You must file a petition with the probate court to contest a will. A hearing will then take place, where a judge will decide, based on evidence and the interviewing of witnesses, if the will should stand. Contesting a will can be a complex and time-intensive process; therefore, it is of utmost importance to consult with a lawyer. This will prevent any costly mistakes from being made on your part and give you your best chance for success.

What Is a Will?

A will is a document that indicates how your assets will be transferred after your death. It also lays out any final wishes you may have, particularly regarding how you would like any minor children to be cared for after you have passed on.

For a will to be valid in the state of Texas, it must fulfill specific requirements. These standards include:

  • The document must be in writing, either handwritten or typed and printed.
  • If you are not married or in the armed forces, you must be 18 or older to make a will.
  • You must be of sound mind and memory.
  • Your will must be made freely and voluntarily.
  • You must sign the will in the presence of at least two credible witnesses, who must also sign it.

What Are the Grounds to Contest a Will?

There are four common grounds on which wills are usually contested. These are: improper execution, lack of testamentary capacity, undue influence, and fraudulent inducement.

Proper execution of a will requires that the will be written entirely in the handwriting of the testator (the person making the will). If it is not completely in their handwriting, then it must be signed by the testator. A lack of testamentary capacity means that the testator was not in sound mind when they wrote or signed their will. Undue influence means that someone else subverted or overpowered the testator’s wishes when they made their will, and they would not have signed it if not for that undue influence. Fraudulent inducement occurs in cases where someone, for example, tricks a testator into signing a new will by telling them the document is something other than a will.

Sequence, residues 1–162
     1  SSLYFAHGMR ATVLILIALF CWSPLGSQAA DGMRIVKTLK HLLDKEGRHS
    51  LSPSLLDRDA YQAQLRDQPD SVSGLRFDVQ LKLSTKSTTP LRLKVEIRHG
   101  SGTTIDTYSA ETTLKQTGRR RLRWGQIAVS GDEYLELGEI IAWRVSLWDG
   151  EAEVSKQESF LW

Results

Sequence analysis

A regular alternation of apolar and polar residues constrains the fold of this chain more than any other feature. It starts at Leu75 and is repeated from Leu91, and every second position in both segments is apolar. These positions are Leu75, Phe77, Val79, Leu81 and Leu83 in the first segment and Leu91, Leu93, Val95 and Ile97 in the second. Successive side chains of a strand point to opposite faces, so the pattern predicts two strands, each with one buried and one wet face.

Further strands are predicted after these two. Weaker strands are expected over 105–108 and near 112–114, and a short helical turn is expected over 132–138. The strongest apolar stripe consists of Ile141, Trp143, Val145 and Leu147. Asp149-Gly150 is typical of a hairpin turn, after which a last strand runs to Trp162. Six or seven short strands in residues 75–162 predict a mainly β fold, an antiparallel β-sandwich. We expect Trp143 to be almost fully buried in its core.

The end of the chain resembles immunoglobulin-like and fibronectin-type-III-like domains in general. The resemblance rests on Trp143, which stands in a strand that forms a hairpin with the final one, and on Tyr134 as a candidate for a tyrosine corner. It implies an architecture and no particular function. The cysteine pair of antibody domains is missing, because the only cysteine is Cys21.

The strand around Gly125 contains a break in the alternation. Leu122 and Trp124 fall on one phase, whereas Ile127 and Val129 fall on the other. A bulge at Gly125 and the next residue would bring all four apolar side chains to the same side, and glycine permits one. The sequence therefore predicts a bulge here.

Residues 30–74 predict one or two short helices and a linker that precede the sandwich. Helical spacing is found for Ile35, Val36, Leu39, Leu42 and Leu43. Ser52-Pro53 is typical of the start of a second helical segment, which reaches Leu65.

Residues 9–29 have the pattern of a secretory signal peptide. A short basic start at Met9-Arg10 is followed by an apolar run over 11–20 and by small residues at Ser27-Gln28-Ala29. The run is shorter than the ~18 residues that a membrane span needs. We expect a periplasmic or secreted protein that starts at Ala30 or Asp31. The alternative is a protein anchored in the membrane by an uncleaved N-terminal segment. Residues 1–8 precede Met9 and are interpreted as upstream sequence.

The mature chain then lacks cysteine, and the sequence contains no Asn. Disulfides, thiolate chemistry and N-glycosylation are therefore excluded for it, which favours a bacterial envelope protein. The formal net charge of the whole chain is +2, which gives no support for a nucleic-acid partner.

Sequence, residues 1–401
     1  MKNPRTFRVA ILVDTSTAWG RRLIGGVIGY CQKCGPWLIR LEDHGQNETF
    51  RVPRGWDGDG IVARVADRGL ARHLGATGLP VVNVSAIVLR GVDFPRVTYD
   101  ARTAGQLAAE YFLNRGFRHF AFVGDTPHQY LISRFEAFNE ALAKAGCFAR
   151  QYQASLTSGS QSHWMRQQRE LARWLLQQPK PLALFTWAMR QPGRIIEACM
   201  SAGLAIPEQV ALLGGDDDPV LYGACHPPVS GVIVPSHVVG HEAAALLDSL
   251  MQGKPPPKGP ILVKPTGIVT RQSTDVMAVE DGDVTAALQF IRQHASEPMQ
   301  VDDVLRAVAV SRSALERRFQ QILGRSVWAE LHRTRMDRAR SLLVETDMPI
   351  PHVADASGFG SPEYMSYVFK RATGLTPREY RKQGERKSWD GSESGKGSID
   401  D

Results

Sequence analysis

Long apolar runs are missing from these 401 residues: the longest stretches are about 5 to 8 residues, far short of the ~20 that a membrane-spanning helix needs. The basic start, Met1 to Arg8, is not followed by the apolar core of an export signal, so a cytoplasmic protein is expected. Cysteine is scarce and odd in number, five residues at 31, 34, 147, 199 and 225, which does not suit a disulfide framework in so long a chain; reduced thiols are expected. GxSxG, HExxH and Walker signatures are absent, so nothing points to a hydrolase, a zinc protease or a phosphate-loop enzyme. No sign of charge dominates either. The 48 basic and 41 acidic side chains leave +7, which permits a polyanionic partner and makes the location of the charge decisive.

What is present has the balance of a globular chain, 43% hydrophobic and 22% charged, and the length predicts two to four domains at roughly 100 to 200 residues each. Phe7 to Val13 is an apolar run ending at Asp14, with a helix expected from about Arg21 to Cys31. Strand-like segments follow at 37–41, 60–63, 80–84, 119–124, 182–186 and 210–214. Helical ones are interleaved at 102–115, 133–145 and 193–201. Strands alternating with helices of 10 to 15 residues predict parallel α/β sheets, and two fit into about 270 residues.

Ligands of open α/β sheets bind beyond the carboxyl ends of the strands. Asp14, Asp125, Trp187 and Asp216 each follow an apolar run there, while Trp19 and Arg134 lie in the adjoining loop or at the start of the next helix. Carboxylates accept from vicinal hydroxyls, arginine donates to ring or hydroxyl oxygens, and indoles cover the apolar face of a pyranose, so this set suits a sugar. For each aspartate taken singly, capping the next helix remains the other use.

What Is the Timeline for Contesting a Will?

Generally, the best time to challenge a will is before probate. Under Texas law, if a will is challenged in this time period, the burden of proof is on the executor and beneficiaries to prove that the will was indeed valid. When a probate court receives a will, there is a two-week waiting period where you can contest the will before probate begins. If you miss this window, the burden of proof switches to you.

Once the probate process begins, you have two years to contest a will outside of a few exceptions. If there is reasonable suspicion the will is a fake or forgery, you have an additional two years to prove that it is illegitimate. If a second will is discovered, you have four years to submit it for probate. If there are heirs that were unaware during the probate process that they were entitled to a share of the estate or if they were incapacitated during the initial two-year window and therefore unable to contest the will, they have up to four years to make an inheritance claim.

If you are contesting a will, get answers and legal help from an experienced Texas attorney. Call us now at 281-771-0560.